With so many renovations and fixer-upper shows on TV, it's easy to be tempted to tackle one yourself. However, many people underestimate the amount of work and money that actually goes into a fixer-upper. Before you buy a one, take into consideration the tips below.
Go for Ugly
Whether you are planning to live in your fixer-upper or sell it for a profit, you do not want to purchase a home that will eat up your budget during renovations. The Balance states that the best homes to buy are the ones that mostly require cosmetic updates. Look for a home that has features some people cannot see past such as peeling paint, worn carpet and outdated interior design. These are generally inexpensive and simple fixes that can bring the asking price of a home down when buying.
This does not mean you cannot gut the kitchen and completely renovate it if that is what you want. Rather, avoid any homes that will need intense structural overhauls such as repairing the foundation or installing a new roof. These large repairs are a sure way to eat at your budget, which can easily be avoided. Make sure you hire an inspector to go through the home and assess it before purchasing it.
Location, Location, Location
The ideal fixer-upper is located in a nice area. Whether it’s the eyesore on the block or just slightly out of disrepair, the key is to find a house that is on the market for significantly less than the surrounding homes. The cost of surrounding homes will help you predict what you will be later able to sell your home for. From this, you can make your budget and see if you will be able to make a profit. To start, try looking at homes in your area. The average listing price for a fixer-upper in Colorado Spring, Colorado, is just $350,000.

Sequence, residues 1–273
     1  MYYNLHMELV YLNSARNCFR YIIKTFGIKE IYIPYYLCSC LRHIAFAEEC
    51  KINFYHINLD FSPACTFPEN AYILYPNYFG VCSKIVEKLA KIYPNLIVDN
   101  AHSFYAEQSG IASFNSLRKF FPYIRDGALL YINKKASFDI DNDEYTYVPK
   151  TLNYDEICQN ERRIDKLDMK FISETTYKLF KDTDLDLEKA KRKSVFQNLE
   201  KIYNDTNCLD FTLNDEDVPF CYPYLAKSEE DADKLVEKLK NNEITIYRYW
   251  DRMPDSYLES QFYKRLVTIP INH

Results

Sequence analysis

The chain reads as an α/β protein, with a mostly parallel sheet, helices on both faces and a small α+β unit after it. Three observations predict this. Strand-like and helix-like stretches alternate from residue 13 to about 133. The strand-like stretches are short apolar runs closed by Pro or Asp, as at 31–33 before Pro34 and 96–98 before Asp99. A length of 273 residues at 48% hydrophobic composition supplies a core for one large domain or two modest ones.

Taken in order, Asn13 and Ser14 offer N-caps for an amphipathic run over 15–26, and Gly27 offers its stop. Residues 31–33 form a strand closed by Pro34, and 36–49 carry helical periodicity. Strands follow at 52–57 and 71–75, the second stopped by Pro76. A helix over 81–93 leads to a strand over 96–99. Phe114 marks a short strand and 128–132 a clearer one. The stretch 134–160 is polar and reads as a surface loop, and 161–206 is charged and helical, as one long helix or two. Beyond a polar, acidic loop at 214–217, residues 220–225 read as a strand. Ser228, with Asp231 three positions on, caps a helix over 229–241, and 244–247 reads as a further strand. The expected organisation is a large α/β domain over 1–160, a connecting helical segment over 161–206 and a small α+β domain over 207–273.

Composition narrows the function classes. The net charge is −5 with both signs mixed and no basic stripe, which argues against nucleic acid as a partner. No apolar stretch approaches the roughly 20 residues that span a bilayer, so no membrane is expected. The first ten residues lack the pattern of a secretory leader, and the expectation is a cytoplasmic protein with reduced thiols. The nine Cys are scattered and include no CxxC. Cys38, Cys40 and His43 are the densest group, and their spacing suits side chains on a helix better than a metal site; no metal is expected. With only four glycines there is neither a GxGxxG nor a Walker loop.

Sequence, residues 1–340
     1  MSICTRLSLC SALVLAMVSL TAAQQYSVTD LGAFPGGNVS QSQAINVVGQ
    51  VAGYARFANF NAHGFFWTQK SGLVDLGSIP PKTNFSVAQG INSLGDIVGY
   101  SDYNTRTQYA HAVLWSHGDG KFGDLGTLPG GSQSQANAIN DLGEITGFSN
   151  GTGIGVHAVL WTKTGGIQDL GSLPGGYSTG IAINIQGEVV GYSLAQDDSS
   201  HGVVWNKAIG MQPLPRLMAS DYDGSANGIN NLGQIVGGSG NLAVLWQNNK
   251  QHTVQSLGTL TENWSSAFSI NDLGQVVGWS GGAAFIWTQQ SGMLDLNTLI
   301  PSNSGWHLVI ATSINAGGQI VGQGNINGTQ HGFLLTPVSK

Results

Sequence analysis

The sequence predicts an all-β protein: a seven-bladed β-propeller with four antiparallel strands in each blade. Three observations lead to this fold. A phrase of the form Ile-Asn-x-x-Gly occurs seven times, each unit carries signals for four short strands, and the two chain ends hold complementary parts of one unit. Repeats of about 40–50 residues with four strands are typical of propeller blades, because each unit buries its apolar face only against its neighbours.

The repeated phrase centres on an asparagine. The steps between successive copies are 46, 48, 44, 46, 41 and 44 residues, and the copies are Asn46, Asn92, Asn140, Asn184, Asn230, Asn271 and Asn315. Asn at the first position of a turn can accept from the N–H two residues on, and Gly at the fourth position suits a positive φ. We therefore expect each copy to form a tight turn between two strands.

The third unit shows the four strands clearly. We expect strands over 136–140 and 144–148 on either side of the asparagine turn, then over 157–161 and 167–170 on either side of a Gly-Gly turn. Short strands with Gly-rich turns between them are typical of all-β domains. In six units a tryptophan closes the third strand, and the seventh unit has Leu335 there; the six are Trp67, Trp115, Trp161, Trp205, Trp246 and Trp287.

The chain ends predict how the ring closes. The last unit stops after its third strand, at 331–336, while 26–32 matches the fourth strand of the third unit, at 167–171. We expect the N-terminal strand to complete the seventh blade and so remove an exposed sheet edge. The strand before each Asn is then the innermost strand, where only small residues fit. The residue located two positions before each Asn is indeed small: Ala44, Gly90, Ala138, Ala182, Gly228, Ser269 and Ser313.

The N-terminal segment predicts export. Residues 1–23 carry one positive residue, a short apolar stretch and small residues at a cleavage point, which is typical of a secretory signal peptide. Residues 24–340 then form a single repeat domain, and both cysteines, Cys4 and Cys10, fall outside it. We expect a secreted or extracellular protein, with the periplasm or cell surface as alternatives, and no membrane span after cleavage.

Calculate a Budget
Before you put down an offer, you will need to take calculate your renovations budget. Figure out what you can DIY and what will require a pro and create estimates for every project you want to tackle. Keep in mind that different people have different strengths. Know your limits, but try and DIY as much as possible to save time and money.
Once you have calculated all this you can figure out your budget. This Old House recommends then padding your budget by 5-10 percent to account for anything unexpected. Only then should you put down an offer if the price still makes sense.
To Sell or Not to Sell
You should decide if you are planning to live in your home or sell it for a profit before you start any renovations, as this will affect what and how you plan your attack. After you've tackled anything needed to make your home livable, you should then make a list of must-haves. Not everything needs to be done at once if you are going to be living there.
However, if you are purchasing your fixer-upper in order to sell it for a profit, you will be on a tighter budget and timeline. The quicker you can make all the essential renovations, the better. You do not want to sit too long on a home if you are planning on selling as the cost of homes in the neighborhood can unpredictably change as the years go on. Be also wary of investing too much money so that it bites into any potential profit.
Do not be afraid to shop around, purchasing a fixer-upper is an investment. It is a difficult but rewarding journey. Take your time to find the right home that fits your budget, time and skill set.
Photo courtesy of Unsplash. Article by Bret Engle of DiyGuys.net